The second implication is quality of news coverage. I know both papers have their critics, but there are some VERY talented people working there who do a great job exposing problems in our community, framing debates, and telling the stories of people in Polk County. The New York Times, for all its faults, provided resources and standards of journalism that served our region well.
If Halifax meddles too much in the day-to-day operations, quality could suffer. It’s also possible that Halifax could push the right buttons and things could get better, and that’s certainly what I and others hope happens. Newspapers still are the places best-equipped to keep checks on those in power, and the citizens of Polk County could suffer if our newspapers’ new owners don’t provide the support needed for quality journalism.
In the past, I have liked the idea of local, private ownership as opposed to corporate ownership from far away. But The New York Times was one of the better companies for which to work in newspapers. So I’m going to keep an open mind about Halifax and its ability to successfully operate newspapers in our county, at least for now.
8. 2012 Presidential Election –This one is pretty easy.Of course the election will be a big story in our county, just as it will in every county in America.
John McCain carried Polk by more than 10,000 votes in 2008, and I would be surprised if President Obama does any better in 2012 than he did in 2008 unless the economy really picks up.
I also expect both top presidential candidates to make stops in Polk County at some point, as the I-4 corridor continues to be one of the most coveted to win in Florida, and Florida continues to be one of the most coveted states to win in the nation.
9. East Polk Development – Legoland was already covered above, but it’s not the only thing going on in East Polk County.The proposed Central Polk Parkway continues to gather steam. One of the major parts of its planning is the decision of where it would connect with I-4, and it’s possible that proposed interchange could be announced in 2012.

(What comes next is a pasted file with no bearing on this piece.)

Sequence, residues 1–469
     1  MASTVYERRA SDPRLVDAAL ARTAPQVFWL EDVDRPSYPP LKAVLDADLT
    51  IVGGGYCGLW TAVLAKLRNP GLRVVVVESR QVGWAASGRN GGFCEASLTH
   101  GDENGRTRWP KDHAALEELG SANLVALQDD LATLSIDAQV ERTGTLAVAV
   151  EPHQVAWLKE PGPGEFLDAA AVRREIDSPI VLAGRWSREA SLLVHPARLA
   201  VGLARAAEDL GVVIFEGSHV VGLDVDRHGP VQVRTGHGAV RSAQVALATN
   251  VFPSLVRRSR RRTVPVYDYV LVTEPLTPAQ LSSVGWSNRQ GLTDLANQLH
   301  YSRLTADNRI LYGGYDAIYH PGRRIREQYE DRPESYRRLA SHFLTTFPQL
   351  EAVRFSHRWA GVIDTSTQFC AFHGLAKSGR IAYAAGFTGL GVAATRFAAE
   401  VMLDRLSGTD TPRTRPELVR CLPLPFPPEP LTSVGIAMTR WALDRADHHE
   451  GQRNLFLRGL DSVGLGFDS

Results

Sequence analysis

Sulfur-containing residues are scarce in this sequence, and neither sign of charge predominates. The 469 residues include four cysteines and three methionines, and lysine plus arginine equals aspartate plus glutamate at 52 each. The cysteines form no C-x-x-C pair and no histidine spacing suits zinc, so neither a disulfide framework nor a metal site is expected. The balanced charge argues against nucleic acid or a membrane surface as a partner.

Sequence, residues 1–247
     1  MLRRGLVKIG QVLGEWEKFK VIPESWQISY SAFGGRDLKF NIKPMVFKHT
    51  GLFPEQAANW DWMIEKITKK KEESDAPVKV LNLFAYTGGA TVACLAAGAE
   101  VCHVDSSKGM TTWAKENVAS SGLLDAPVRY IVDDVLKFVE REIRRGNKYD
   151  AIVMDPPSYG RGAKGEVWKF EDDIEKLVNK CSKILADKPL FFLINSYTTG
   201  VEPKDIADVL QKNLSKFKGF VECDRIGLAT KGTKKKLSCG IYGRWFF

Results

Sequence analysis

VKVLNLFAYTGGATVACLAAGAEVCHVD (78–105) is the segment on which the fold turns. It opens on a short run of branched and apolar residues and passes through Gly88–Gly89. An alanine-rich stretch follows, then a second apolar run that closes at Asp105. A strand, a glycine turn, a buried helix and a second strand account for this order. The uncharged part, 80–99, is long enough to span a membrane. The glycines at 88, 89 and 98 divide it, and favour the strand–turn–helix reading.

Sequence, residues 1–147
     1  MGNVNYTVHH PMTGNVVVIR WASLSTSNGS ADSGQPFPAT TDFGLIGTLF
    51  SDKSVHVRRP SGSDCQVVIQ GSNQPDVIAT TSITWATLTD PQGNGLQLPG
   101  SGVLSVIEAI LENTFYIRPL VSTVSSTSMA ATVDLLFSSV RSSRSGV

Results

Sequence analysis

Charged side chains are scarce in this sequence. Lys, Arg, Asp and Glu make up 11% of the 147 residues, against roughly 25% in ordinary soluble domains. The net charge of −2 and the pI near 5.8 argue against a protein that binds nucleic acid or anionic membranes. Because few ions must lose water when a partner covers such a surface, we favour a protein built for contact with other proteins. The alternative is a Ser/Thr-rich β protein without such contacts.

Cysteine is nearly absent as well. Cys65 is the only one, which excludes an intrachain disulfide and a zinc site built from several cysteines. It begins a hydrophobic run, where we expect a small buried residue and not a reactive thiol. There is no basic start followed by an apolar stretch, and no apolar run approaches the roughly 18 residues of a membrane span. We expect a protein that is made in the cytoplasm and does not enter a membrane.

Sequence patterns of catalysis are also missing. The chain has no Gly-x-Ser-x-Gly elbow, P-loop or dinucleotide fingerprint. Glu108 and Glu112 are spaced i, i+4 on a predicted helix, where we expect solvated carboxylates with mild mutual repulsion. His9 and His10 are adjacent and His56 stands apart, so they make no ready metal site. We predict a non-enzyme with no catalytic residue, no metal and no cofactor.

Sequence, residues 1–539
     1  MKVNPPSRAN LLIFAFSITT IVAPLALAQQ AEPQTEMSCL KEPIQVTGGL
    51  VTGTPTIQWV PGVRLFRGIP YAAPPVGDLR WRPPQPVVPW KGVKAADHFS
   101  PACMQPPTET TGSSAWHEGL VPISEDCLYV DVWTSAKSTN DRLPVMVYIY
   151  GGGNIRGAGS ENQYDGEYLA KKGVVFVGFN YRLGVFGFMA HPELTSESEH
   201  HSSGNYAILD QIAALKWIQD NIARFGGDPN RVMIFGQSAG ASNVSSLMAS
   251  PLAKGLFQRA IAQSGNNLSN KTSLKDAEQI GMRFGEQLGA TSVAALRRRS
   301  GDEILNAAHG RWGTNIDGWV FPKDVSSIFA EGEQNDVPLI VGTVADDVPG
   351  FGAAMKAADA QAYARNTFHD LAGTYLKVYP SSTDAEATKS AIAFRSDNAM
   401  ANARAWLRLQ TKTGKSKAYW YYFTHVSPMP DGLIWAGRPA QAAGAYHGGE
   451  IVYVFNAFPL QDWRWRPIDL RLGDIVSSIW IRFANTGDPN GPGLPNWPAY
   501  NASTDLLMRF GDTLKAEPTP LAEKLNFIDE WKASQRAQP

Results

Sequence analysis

Construction on the new CSX terminal in Winter Haven is finally expected to begin midway through 2012. Once that project gets going, it will be possible to start on any industrial park plans in the area, and I’m sure that more infrastructure improvements will be coming, as well.
The Landings is lining up tenants, Haines City is bringing in businesses with a new incentive program, and more projects are sure to come up during the year.
10. Charter Schools –This wasn’t going to be on the list until the Lakeland High School story broke last week. In case you missed it, LHS is going to consider becoming a conversion charter school.
While my colleague Billy Townsend at Lakeland Local has issues with charter schools, especially with their student demographics and touting of high performance, I’m a fan of them. There are cases where charter schools have abused their status, but in general they relieve educators of some of the regulations that are found in the public school system.
It’s an issue that I’m very interested in and honestly need to research even more, but regardless of whether you support charters, they are major players in Polk County.